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By Robert P. Walton, Professor of Pharmacology, School of Medicine, University of Mississippi, with a foreword by E. M. K. Geiling, Professor of Pharmacology, University of Chicago, and a chapter by Frank R. Gomila, Commissioner of Public Safety, New Orleans, and M. C. Gomila Lambou, Assistant City Chemist. Cloth. Price $3. Pp. 223, with 17 figures and illustrations. Philadelphia: J. B. Lippincott Company, 1938.
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Knowledge concerning the drug problem presented by marihuana has come to most physicians through the somewhat sensational news stories in the supplements of the Sunday newspapers. Dr. Walton's exhaustive monograph concerning the narcotic principles of the drug is extremely timely. The book is factual but interestingly written. It covers the historical, botanic, pharmacologic, sociologic, legal and public health aspects of the use, or more specifically the misuse, of marihuana. There is a valuable chapter on nomenclature, which gives a complete glossary. The bibliography contains 419 references. The book should prove an invaluable reference for sociologists, public health officers and physicians.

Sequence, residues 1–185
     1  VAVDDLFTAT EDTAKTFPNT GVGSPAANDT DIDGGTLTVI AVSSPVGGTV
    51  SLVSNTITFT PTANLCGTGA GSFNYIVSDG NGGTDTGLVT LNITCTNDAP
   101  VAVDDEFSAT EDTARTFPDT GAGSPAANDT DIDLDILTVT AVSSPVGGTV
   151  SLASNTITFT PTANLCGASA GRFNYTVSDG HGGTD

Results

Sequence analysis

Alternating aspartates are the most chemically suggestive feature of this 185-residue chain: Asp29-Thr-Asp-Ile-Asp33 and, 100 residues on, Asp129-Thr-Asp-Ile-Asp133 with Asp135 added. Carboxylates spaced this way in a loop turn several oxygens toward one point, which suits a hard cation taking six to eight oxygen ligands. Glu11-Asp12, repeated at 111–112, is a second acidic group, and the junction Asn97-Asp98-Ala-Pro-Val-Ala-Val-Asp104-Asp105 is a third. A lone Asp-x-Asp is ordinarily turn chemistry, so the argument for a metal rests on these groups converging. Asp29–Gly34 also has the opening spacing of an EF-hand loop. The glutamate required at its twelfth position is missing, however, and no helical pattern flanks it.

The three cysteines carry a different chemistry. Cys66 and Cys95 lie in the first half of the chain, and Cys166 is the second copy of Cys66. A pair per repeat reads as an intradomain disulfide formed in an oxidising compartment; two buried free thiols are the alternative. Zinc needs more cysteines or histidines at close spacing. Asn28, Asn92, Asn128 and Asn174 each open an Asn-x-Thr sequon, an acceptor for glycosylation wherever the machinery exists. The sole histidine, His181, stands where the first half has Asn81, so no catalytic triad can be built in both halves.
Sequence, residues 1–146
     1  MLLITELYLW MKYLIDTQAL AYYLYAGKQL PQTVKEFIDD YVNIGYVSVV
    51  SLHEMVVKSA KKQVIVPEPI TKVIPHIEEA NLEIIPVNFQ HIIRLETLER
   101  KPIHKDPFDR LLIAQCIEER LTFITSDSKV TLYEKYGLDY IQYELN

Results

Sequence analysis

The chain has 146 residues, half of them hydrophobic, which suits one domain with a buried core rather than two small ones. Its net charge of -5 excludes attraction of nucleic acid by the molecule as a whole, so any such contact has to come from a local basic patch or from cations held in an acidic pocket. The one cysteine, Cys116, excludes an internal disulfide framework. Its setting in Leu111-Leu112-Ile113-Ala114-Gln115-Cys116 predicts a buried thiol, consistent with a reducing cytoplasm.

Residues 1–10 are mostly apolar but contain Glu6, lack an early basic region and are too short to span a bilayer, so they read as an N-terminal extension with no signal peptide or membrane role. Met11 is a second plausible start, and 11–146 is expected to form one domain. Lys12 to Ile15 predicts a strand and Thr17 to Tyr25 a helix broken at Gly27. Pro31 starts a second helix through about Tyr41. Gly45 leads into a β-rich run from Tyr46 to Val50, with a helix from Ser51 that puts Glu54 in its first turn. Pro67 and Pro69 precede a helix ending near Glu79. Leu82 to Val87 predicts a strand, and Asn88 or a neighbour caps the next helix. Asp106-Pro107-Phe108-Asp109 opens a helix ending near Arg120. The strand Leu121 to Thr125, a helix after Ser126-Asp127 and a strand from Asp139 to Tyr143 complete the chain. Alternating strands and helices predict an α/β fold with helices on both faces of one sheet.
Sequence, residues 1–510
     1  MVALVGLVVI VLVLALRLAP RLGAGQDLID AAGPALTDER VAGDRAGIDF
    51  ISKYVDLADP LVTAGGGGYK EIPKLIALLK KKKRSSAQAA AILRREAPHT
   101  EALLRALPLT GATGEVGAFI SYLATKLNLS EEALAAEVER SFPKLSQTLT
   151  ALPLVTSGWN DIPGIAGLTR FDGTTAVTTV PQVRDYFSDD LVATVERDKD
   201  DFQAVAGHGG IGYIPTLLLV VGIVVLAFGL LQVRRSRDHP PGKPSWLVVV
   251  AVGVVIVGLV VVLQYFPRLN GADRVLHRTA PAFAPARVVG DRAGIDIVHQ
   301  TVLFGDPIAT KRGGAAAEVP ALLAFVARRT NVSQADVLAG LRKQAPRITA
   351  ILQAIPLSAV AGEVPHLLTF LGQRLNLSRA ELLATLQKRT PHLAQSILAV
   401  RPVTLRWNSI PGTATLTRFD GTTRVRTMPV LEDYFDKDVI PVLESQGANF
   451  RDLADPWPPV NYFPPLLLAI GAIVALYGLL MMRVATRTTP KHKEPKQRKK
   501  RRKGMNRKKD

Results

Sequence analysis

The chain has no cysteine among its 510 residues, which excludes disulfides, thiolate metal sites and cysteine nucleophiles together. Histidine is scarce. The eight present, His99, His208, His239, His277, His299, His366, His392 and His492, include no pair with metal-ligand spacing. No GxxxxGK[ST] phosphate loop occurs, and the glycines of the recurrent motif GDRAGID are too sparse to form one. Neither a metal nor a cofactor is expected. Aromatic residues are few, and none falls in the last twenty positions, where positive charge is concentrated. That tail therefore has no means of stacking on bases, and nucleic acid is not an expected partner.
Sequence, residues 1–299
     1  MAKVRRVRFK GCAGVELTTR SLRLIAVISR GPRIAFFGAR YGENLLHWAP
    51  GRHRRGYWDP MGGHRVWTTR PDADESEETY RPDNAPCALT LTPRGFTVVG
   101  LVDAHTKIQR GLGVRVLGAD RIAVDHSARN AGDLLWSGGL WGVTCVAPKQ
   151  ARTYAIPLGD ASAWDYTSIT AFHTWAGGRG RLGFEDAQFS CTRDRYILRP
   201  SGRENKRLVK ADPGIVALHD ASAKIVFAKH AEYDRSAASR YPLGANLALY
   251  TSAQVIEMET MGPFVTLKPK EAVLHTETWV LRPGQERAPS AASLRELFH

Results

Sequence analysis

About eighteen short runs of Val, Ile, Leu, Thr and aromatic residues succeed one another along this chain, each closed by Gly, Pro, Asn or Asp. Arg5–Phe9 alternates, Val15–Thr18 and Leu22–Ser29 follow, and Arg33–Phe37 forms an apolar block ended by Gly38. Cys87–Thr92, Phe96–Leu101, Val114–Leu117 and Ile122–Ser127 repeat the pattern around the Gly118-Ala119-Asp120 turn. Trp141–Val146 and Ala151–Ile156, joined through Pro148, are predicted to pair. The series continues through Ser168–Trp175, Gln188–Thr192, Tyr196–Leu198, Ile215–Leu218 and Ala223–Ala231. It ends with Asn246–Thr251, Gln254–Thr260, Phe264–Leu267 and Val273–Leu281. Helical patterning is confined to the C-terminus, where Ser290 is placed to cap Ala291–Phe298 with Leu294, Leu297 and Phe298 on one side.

Marihuana, America's New Drug Problem: A Sociologic Question with Its Basic Explanation Dependent on Biologic and Medical Principles. Arch Intern Med (Chic). 1940;65(1):218–219. doi:10.1001/archinte.1940.00190070228022
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